HexBoard Build Guide

Step 1:

Take the 11 brass inserts and place them skinny side down into the holes on the back of the frame. Use your soldering iron to press them in. Make sure they go in just past flush. You will experience regret among other unpleasant emotions if you solder the switches in before this step. (don’t ask me how I know)

Step 2:

Take the right-angle tact switch and solder it in place next to the USB port.

Step 3:

Insert the circuit board into the frame at an angle with the programming button first.

Step 4:

Take 5 switches and place them in the corners and the center making sure to check that the pins are unbent and they are oriented correctly to allow the LED to shine through.

Step 5:

Take your keycaps and o-rings. Place one o-ring on the stem of the keycap and firmly press it onto a switch. Repeat until you have capped all 5 switches. Make sure the seams on the keycaps are all facing downward or you’ll have an inconsistent look. I include a handful of spare keycaps, so pick the ones you think looks best. (forgot to take a picture of the caps on the keys, but God gave you an imagination, so I’m sure you’ll manage)

Step 6:

Flip over your board. Press firmly next to each switch as you solder the legs into place. This is important because it will center and anchor the board into place for the future switches. Don’t solder the switches in until the center stem pushes out like the picture and don’t let off pressure until the solder joint cools off. If you bent either of the legs pressing the switch in place, use the clips on the top and bottom of the switch with some force to remove it.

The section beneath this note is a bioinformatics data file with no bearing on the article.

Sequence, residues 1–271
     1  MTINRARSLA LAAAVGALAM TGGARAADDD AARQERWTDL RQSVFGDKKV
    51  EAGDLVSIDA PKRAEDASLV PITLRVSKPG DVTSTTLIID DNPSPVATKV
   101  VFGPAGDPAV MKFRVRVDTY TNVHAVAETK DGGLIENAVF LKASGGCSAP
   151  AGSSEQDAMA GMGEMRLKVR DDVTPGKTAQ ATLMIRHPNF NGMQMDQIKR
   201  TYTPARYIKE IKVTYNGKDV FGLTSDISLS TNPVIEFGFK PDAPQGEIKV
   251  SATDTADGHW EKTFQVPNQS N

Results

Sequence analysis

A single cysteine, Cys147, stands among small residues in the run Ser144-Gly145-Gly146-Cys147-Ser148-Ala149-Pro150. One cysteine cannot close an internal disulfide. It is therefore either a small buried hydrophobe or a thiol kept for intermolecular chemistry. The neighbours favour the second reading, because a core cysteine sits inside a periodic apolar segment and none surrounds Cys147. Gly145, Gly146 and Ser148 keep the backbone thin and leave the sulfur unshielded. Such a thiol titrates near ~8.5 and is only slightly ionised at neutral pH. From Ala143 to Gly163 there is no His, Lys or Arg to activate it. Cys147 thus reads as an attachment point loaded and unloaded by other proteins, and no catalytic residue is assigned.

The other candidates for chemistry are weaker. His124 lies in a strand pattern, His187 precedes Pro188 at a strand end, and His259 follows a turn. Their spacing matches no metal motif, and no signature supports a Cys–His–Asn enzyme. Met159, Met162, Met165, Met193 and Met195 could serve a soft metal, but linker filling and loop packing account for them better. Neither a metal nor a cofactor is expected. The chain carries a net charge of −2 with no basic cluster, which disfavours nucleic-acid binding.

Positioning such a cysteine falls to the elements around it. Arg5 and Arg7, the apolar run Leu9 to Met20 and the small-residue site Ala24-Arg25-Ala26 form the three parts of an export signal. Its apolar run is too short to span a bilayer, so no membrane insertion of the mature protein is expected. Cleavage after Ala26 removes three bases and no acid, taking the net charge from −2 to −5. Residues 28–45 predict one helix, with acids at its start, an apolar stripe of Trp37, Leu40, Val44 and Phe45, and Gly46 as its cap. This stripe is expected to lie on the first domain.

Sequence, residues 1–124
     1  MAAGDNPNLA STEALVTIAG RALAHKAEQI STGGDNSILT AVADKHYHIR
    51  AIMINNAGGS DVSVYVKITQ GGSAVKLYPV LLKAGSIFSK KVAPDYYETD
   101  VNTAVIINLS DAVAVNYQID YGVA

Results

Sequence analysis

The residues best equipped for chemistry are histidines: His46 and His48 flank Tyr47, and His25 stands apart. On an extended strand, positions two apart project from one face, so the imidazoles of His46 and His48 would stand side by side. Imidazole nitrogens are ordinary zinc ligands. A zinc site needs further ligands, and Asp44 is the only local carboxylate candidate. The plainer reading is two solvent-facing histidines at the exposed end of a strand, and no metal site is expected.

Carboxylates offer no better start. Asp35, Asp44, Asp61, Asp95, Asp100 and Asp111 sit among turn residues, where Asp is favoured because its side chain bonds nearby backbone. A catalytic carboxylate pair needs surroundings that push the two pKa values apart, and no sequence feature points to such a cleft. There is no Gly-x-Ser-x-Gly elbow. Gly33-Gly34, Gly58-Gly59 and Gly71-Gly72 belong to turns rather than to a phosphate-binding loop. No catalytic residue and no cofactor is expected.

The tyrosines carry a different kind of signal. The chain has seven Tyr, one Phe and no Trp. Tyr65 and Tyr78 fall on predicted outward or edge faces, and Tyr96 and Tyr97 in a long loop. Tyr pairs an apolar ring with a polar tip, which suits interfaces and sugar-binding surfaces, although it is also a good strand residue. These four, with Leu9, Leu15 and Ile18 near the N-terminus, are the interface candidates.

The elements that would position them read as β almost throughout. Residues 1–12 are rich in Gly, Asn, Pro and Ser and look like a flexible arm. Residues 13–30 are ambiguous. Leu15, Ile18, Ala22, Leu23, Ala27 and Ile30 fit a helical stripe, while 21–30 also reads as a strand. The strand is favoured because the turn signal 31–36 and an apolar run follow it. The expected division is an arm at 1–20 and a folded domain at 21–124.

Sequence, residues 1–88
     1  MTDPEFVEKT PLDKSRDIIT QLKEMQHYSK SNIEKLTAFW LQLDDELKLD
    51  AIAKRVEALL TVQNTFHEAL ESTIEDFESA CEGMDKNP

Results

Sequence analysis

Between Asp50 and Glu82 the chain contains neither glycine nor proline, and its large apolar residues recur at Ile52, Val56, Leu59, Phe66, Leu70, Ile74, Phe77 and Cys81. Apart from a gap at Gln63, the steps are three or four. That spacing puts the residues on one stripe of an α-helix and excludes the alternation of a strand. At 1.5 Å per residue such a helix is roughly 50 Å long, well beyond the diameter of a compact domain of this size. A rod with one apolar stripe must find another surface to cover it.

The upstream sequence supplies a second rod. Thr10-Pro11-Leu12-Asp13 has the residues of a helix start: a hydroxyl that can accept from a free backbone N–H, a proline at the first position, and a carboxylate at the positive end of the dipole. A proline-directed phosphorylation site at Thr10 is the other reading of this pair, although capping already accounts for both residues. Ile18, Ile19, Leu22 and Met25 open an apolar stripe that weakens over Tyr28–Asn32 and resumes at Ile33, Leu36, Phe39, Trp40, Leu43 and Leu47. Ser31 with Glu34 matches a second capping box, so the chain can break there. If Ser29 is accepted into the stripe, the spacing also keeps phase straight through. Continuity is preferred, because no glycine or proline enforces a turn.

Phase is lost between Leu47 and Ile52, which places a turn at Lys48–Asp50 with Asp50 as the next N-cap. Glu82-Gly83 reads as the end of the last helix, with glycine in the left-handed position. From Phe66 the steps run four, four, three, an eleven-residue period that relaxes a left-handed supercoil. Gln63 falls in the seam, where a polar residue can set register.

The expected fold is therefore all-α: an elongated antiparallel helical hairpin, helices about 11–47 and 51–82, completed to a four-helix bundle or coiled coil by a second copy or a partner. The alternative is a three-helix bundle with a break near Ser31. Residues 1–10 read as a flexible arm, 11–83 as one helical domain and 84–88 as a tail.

This step is the trickiest part. Take your time to get it right the first time as desoldering runs the risk of ripping up traces and making your life difficult. Perhaps practice soldering with a tutorial if you’re not confident. That said, it’s fairly simple. Take your time and you’ll be just fine.

Step 7:

Time to press in all the rest of the buttons. Follow the same procedure as above, but for the rest of the keys. I’d recommend starting a row at a time making sure you don’t solder until you check the legs all poke through the board. Again, pressure on the board while soldering promotes height consistency.

Oopsie! This switch was bent when inserting and just got worse when I pressed it in. Fortunately, I was able to successfully desolder the leg that I already soldered, but it would have been better if I had checked before soldering.

Step 8:

Now that the switches are all installed, request a high-five from the nearest person to you. (yourself if over a quarter mile (.4 kilometers) from another human) You’ve made it through the most tedious part.

Next, set the display in place at a slight angle to get the pins lined up with the holes. Then use a tool to press on the top and bottom edges of the circuit board (NOT the display itself) to get it locked in place. The four pins should barely make it through the board. Solder those in place.

Step 9:

Take the encoder and straighten out the pins. Set it in place below the screen and hold it in place while you flip over the HexBoard. Solder in the pins while making sure it’s lined up. You will need to crank up the heat on your soldering iron to get the large mounting tabs soldered on.

Step 10:

Screw in the 11 bolts to attach the back plate to the frame. The bolts should be flush to the surface. Don’t use too much force or you risk pulling out the heat set inserts. Shouldn’t take much force to screw in anyways.

Step 11:

Peel the protective film off the screen. Press the screen bezel in place followed by the encoder knob. That’s it! You’re done!

Congratulations, now go touch some grass and breathe a little fresh air, you’ve been inside for far too long.